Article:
An ugly, beat-up cotton plant may still yield more than its pretty, younger sibling. Replanting, says Bobby Phipps, is not a decision to make lightly.

“If you replant, you shouldn't be thinking of the yield potential that was available early in the season,” the Missouri Extension cotton specialist told those attending the Missouri Cotton and Outlook Conference in Kennett, Mo. “It's hard to replant and make more money. The crop has to be very, very bad before it's worth it.

“I know there have been instances where farmers have wanted to replant and I've talked them out of it. They hate me for the next six weeks, but then harvest shows putting up with the ugliness was worth it. You're behind the eight-ball if you have to replant.”

One aspect of Phipps' recent field studies compares the yield potential of a replanted crop to the original crop. Field plots were planted at many different dates to see what the yields would be.

“The first year, we found a yield drop of 21 pounds per day. That's a big difference between May 1 and May 31. So if you planted on May 3, and come month's end you're considering replanting, it's worth tallying up what you've already lost in yield potential.”

Farmers sometimes ask Phipps about June-planted cotton. “I almost never recommend planting that late.”

The second year of the test, it didn't matter when the test plots were planted, the yields were similar. In 2003, the study's yields held until mid-May and then dropped. Last year, “the May 20 planting date was the high yielder and then began dropping off rapidly after that.”

Crunching the numbers shows “we need to be done planting by mid-May to avoid yield drops.”

Phipps has been in many fields where farmers contemplated replanting because plant spacing was so poor. “We set up a test based on populations at the end of the season, not the number of seeds planted.”

Phipps admitted he thought plants spaced a foot apart was where the yield line would be drawn. That wasn't the case.

“The high yielder was 1.5-feet apart. Cotton has an amazing ability to compensate and keep production levels even. In both 2003 and 2004, we found that two plants per foot were best. There was a good drop-off past 1.5 feet.”

Thin stands don't always equate to lower yields. In fact, “we've found rather steady yield levels regardless of plant spacing. If you've got a thin stand and replanting means dropping 20 percent or 30 percent in yield, that's hard to justify. It surprised me to find that thin stands could do so well.”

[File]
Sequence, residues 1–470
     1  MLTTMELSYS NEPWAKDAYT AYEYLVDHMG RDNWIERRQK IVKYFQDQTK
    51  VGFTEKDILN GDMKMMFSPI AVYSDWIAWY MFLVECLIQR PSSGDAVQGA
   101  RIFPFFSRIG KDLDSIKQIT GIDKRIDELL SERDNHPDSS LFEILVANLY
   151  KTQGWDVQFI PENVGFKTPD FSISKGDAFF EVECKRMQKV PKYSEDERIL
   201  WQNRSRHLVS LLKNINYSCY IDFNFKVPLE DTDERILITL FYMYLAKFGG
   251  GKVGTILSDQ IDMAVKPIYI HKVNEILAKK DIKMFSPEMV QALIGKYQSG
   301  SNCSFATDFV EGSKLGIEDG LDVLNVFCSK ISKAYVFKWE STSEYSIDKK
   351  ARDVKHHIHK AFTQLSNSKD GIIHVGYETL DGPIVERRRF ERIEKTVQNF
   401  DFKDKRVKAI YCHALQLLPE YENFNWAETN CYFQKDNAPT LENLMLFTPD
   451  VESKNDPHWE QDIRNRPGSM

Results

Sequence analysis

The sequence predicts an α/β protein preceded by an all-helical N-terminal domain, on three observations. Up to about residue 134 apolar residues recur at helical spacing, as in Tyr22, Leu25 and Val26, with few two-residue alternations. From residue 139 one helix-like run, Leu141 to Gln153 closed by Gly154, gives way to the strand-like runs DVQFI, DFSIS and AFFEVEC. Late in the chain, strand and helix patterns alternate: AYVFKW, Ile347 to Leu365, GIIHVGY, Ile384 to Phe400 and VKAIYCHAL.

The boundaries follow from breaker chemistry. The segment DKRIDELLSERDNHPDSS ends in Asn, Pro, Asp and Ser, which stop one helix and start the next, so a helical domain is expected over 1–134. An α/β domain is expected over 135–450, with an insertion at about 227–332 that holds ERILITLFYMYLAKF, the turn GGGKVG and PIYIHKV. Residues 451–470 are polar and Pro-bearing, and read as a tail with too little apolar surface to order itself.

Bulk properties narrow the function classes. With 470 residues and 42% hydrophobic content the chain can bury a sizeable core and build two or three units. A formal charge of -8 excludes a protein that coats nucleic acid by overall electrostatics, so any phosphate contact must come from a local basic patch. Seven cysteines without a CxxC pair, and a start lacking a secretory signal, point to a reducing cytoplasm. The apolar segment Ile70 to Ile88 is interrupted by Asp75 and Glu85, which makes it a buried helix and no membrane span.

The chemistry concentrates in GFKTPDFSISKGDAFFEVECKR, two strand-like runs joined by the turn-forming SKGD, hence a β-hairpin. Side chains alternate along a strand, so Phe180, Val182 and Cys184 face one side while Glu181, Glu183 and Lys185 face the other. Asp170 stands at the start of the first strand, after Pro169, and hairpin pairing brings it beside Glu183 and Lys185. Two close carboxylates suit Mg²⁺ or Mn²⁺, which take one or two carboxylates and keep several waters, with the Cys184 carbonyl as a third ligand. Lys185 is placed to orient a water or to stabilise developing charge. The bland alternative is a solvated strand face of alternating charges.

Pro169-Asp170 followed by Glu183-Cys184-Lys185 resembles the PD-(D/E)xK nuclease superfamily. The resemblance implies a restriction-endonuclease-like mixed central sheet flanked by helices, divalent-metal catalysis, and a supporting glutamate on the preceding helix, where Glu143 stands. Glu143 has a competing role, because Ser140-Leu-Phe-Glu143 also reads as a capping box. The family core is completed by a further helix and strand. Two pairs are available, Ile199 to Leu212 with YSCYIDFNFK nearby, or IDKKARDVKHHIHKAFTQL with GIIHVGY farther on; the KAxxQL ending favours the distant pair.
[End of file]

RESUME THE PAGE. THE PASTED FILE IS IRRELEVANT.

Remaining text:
But there is a drawback with thin populations: more vegetative branches. Studying percent open bolls shows the trouble. The higher the population, the larger the percent open bolls. Thinner stands can make your crop later, said Phipps.

Another problem from sparse populations: weeds are “quite a bit” worse. “That was very obvious in our plots.”

Planting thin

Some may be tempted to plant thin right off the bat. Phipps said that's a shaky idea.

“Some might think, ‘Well, seeing the data on spacing and considering the tech fees, maybe I should just plant thin.’ Think about what that can mean, though. If you plant a seed every foot and germ is 85 percent, some of your seed won't sprout anyway. On top of that, there will be some further mortality even in good conditions.”

Producers need to strive for a uniform stand over the entire field, insisted Phipps. “What happens if you have an uneven stand throughout the field? I've replanted only the ends of a field. Don't ever try that — you just can't time it right with the rest of the field. Learn from my mistake.”

Hail damage

Phipps also wanted to look at how far to take a hail-damaged crop. In his native west Texas, “hail was always an issue. I remember getting into an argument with my father after a hail storm. We couldn't agree where the beds or rows were to plant over. It can be a real mess there.”

For the hail test, all plots were planted in DPL 1218. “We removed the leaves by hand. In some plots, we removed one leaf per plant, in others two, three or four. On four-leaf plants, we took all the leaves and left the cotyledon, if it was there. On plants where we removed the terminal, we left the leaves. A lot of these plots had pitiful looking cotton.”

After their trauma, plants would often branch. “I thought when you took four leaves off, it would cut yield in half, or worse. I was wrong. Those plants' yield was very close to the top yield. It did look horrible, but it still yielded. The second, third and fourth year of the test, we found much the same with yield.”

Knocking leaves off did affect maturity, though. “Your crop will be later maturing following hail damage.”

Other considerations

Another thing to check before replanting is below the soil crust.

“I've been in fields where almost nothing is up. Sometimes it's easier to run a rotary hoe than it is to replant. And there's a wire-tooth rotary hoe that allows you to control how far it penetrates.”

Also, before making a replant decision and destroying a thin stand, consider seed supply. The variety you want to replant may not be available.

“One practice I see and have a hard time going along with is replanting while leaving the old stand. That's kind of like replanting an end. You'll have a crop in two stages and your timing will be thrown.

“On 38-inch rows, I recommend planting four seed per foot and hope you wind up with 2.5 to three at the end of the season. Don't go with pounds, go with seed per foot. If you plant really early, you may want to raise that seeding rate slightly.”


e-mail: dbennett@primediabusiness.com